As the injuries pile up in cities across the country, the three largest scooter companies — operating under the names Bird, Lime and Skip — have seen their values soar as they attempt to transform urban transit, following the successes of ride-hailing and bike-sharing companies. The scooter start-ups have attracted massive investments from Uber, the prominent technology venture capital firm Sequoia Capital and Alphabet, Google’s parent company, with some analysts estimating that some of the privately held companies might be worth more than $1 billion.

But a growing number of critics — including doctors, former riders, scooter mechanics and personal injury lawyers — say the devices may look like toys but inflict the same degree of harm as any other motorized vehicle on the road, only without having to comply with safety regulations. These critics add that some electric-scooter fleets are poorly maintained by a loose-knit flock of amateur mechanics, making them prone to dangerous mechanical failures.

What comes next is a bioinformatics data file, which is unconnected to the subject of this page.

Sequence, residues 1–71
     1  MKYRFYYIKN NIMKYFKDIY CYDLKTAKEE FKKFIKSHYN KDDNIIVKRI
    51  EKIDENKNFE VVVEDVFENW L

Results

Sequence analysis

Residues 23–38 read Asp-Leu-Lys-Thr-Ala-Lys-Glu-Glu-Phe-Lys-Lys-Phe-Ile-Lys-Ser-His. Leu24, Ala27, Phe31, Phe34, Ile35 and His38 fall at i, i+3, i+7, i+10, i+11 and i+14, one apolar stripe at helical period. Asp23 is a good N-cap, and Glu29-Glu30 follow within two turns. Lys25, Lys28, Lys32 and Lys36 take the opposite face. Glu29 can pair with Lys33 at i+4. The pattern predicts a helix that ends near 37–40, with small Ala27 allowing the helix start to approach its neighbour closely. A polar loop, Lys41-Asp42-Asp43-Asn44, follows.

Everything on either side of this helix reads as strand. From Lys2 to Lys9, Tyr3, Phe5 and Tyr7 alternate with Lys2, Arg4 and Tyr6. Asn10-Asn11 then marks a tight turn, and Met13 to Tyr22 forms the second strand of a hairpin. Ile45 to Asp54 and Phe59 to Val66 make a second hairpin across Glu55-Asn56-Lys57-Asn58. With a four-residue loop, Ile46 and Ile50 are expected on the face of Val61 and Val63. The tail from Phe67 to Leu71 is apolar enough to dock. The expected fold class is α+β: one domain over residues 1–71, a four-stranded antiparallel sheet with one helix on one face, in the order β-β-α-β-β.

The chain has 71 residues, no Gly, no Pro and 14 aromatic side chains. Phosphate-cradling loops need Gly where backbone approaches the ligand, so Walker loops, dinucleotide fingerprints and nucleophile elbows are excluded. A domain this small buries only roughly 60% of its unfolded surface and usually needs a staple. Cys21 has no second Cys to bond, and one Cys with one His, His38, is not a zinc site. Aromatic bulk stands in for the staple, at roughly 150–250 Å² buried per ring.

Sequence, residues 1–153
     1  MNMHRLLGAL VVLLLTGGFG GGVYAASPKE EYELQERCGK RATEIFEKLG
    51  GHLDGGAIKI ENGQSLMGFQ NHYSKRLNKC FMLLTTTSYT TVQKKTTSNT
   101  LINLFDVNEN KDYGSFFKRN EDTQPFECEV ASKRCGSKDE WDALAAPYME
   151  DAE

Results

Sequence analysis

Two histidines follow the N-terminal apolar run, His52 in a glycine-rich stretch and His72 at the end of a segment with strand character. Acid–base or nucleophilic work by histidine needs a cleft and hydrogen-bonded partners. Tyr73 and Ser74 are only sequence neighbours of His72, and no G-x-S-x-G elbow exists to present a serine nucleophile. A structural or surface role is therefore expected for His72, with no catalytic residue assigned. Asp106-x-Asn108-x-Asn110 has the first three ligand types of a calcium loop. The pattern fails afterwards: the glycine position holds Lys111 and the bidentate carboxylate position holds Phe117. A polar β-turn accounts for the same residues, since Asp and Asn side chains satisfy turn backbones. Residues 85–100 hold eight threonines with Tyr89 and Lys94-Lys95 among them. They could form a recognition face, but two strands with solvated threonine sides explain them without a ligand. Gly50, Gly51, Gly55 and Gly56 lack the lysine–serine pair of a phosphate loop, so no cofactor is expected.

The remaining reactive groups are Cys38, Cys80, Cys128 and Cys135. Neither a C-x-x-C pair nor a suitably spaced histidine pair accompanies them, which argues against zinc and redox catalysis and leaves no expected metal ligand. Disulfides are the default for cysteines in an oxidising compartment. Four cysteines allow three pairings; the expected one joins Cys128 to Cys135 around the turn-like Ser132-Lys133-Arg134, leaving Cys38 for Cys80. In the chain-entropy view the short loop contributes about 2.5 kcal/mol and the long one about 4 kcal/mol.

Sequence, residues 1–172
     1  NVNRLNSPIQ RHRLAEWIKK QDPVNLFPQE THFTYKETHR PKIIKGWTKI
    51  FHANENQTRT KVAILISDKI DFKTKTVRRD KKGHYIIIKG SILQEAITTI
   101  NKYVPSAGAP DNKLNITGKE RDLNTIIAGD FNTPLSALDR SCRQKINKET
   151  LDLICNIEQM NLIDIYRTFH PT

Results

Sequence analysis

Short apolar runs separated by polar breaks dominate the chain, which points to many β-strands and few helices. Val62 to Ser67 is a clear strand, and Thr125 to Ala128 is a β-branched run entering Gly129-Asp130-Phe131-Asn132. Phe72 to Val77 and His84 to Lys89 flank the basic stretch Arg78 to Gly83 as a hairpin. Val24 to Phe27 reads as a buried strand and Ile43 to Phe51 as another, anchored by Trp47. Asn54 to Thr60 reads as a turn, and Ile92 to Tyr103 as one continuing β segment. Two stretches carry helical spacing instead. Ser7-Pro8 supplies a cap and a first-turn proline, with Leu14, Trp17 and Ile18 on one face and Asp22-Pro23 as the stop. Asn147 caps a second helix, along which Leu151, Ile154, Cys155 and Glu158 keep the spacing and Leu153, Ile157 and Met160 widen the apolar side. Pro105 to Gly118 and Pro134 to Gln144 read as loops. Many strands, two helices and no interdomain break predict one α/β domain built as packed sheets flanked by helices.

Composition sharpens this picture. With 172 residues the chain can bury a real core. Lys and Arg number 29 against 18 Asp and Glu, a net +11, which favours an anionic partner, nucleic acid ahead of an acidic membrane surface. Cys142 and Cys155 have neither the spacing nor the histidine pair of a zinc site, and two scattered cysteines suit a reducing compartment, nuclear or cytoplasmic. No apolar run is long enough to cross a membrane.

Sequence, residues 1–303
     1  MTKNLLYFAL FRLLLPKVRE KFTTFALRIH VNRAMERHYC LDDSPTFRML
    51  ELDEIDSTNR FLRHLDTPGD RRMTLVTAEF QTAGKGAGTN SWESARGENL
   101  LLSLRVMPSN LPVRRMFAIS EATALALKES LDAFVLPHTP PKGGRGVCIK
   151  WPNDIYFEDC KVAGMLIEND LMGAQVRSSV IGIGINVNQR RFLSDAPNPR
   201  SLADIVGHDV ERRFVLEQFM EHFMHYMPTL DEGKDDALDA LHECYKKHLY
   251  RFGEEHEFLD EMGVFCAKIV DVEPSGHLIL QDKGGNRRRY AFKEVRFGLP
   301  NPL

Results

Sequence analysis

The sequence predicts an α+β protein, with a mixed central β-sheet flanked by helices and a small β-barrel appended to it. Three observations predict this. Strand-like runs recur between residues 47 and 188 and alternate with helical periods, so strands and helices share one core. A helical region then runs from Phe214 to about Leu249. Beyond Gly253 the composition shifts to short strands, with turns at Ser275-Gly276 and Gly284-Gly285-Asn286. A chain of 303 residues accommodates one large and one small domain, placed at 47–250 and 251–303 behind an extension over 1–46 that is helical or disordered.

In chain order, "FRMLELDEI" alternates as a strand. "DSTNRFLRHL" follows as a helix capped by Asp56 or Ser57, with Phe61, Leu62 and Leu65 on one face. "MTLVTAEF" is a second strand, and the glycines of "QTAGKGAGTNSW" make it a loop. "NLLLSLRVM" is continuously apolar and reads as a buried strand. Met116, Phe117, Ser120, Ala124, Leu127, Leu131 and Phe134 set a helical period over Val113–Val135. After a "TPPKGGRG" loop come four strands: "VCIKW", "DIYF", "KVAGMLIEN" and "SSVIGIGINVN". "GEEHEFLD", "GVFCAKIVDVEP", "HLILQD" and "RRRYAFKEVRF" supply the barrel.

Responding to questions from The Post about the wave of injuries, the scooter companies said safety is a top priority. Bird, Lime and Skip say their apps and labels on the scooters contain basic safety information, as well as training instructions. Bird requires users to upload a driver’s license and confirm they’re at least 18 years old.

Bird and Skip have programs that give helmets to riders who request them, and Lime notes that riders must go through an "in-app tutorial" on helmet safety to unlock one of the company's scooters for the first time.

"We also strive to reduce injuries though our vehicle design and include key safety features such as headlights and taillights, independent suspension, and a wider and higher footboard to improve stability," a statement from Skip said.

But Bird is also lobbying against legislation in California that would require users to wear helmets.